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Restless Leg Syndrome

Someone told me the other day that they thought “restless leg syndrome” (RLS) was a condition cooked up by pharmaceutical companies to sell medications. You may have seen commercials for Requip and Mirapex, both drugs used to treat this condition.

People have described symptoms suggestive of restless legs since the 17th Century. The Swedish neurologist Erik Ekborn initially coined the term in the 1940s. It is estimated that between ten to fifteen percent of Americans suffer from the condition. The incidence in women is about twice that of men. About 40 percent of people develop symptoms prior to age twenty. Since symptoms tend to be mild initially and worsen with age, most sufferers are not diagnosed for 10 to 20 years after they start having problems.

The symptoms of RLS are highly variable, but most people describe a bothersome, irresistible urge to move their legs. This feeling is worsened during periods of inactivity and often interferes with sleep with about 85 percent of sufferers having trouble falling asleep. Stress and fatigue can also exacerbate the symptoms.

Restless Legs Syndrome is a movement disorder that primarily affects the legs but the arms can also be involved. The exact cause of RLS is not known, but there are many hypotheses. The most widely accepted proposed mechanism involves a genetic defect that impairs the ability of certain nerves in the brain to use the neurotransmitter dopamine to communicate. Another hypothesis has to do with impaired iron metabolism.

Most feel it is a nerve cell disorder, while others think a buildup of waste products is the underlying factor. The neurotransmitter link is supported by a reduction in RLS symptoms in those who take medications that increase the levels of dopamine in the brain. The condition seems to involve all of these factors to varying degrees in different people, likely making it a multifactorial condition.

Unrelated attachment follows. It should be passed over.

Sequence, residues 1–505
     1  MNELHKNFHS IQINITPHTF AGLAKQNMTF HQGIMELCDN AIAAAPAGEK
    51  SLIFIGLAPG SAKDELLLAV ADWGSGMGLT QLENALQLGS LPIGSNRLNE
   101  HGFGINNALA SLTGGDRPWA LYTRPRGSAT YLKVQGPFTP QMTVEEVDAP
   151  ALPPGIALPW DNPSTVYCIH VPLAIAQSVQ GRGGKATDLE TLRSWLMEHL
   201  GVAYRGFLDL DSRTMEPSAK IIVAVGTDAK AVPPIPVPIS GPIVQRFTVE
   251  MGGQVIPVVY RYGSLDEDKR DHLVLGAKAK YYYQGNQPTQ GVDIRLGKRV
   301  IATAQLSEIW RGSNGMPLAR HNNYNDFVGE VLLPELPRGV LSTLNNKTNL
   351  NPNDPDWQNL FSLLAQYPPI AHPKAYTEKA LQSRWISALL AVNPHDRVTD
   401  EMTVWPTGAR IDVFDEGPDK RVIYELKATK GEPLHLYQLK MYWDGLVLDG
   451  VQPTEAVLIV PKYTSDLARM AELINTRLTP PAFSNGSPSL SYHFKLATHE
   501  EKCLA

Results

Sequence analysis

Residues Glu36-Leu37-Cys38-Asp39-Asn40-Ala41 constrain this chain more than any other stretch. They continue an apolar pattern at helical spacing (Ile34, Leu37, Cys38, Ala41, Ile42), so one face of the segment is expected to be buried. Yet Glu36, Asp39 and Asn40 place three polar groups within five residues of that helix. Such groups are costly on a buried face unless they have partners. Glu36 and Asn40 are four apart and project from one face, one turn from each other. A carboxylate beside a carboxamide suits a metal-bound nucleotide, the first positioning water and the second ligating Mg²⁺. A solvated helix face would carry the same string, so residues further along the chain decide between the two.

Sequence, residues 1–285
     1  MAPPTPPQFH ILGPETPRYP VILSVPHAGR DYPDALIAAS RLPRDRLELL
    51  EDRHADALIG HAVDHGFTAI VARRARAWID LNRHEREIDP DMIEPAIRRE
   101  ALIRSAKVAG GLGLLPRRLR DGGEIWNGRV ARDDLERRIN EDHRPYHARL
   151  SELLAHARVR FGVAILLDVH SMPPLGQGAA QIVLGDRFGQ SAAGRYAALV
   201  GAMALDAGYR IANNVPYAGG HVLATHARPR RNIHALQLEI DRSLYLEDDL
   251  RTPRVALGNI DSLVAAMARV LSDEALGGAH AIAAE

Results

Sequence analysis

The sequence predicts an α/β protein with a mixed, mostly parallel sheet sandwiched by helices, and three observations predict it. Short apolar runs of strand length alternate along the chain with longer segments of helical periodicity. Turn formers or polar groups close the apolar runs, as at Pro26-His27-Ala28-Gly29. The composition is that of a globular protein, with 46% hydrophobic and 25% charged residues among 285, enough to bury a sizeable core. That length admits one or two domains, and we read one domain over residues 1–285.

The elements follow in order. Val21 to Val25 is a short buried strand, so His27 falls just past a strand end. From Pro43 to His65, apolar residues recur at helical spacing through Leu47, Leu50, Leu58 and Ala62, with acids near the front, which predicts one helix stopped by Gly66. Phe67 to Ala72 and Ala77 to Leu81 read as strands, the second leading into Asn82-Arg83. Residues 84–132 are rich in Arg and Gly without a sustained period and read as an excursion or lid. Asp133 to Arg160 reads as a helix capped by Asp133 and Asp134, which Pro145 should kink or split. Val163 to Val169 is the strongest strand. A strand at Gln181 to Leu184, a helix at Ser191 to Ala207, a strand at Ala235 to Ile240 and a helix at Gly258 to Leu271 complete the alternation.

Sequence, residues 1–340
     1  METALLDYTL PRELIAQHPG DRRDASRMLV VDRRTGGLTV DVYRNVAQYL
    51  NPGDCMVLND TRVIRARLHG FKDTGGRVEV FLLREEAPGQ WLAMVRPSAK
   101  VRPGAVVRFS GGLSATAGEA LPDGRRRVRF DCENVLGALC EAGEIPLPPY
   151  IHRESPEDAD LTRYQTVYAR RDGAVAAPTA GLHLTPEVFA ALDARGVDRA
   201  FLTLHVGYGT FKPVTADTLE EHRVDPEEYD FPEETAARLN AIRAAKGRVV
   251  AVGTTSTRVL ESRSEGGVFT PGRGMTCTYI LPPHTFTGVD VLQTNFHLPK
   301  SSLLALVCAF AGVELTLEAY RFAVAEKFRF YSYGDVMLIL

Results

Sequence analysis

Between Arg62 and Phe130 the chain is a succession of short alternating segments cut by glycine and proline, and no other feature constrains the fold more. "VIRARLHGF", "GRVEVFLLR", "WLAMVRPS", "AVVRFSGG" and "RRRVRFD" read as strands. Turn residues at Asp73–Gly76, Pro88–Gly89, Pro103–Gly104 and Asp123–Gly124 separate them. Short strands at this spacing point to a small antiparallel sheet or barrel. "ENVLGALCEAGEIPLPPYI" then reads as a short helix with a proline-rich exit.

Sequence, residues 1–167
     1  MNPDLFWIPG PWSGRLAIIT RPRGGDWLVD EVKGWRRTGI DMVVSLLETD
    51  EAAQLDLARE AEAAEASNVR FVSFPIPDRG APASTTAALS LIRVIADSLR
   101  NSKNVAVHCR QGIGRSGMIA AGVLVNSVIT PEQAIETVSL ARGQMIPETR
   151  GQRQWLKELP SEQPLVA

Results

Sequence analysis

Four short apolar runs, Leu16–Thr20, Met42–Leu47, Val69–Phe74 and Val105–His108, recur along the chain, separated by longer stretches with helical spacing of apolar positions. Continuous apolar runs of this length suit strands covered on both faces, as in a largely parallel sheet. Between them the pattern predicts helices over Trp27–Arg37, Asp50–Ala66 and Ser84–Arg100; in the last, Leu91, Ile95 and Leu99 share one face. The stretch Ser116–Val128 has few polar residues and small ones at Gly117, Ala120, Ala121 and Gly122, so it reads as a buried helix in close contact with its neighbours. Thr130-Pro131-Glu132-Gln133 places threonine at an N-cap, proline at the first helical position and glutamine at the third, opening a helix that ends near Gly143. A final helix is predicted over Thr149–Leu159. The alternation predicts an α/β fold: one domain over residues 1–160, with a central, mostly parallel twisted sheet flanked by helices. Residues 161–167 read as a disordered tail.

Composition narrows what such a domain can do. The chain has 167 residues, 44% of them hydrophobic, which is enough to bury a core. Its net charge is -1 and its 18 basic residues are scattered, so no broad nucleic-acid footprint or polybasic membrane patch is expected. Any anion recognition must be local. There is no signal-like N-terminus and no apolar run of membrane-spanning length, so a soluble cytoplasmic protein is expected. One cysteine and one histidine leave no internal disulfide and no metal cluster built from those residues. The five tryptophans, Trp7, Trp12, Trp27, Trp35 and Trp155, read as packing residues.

The diagnosis of RLS is based on the medical history. The International RLS Study Group described the four necessary elements for the diagnosis in 1995: (1) a compelling urge to move the limbs, usually with tingling or abnormal sensation, (2) motor restlessness (floor pacing, tossing/turning in bed, rubbing the legs), (3) symptoms present at rest or worse with rest with variable relief on activity and (4) symptoms that are worse in the evening or night and typically better by 5 a.m.

Most cases of RLS are “idiopathic,” meaning there is no clear cause. Again, there appears to be some genetic predisposition. There are also other conditions that appear to be associated with RLS. These include iron deficiency, peripheral neuropathy, vitamin & mineral deficiencies (folate, magnesium, B12), diabetes, rheumatoid arthritis and pinched spinal nerves, among others.

Leg cramps that occur at night are often mistaken for RLS. These usually differ from RLS by being in one leg, being painful, having a sudden onset, and having one or more hard muscles. Certain psychiatric medications can cause abnormal movements. These movements are usually generalized (not just the legs) and don’t happen only at night or at rest, unlike RLS.

Periodic leg movements of sleep (PLMS) is another condition often confused with RLS and is actually present in 85 percent of RLS sufferers. PLMS, also known as nocturnal myoclonus, causes jerking of the limbs or brief, intermittent muscle contractions every 20-40 seconds. This can be very disruptive to normal sleep.

An evaluation for RLS should include blood work to look for iron deficiency (particularly a ferritin level), and perhaps vitamin or mineral deficiencies. Thyroid problems, diabetes, vitamin deficiencies, and other conditions that can affect nerve function should also be evaluated. Tests of nerve function and possibly a sleep study can be also be helpful.

Treatment of RLS involves avoiding caffeine, alcohol, and tobacco as well as correcting vitamin & mineral deficiencies and treating other underlying problems. Medications that mimic the neurotransmitter dopamine are frequently prescribed if RLS symptoms are present three or more nights a week. Examples include levodopa, Mirapex, Requip and the Neupro patch. Blood pressure medications like clonidine and occasionally medications to promote sleep such as clonazepam are used.

Dr. John Roberts is a retired member of the Franciscan Physician Network specializing in Family Medicine.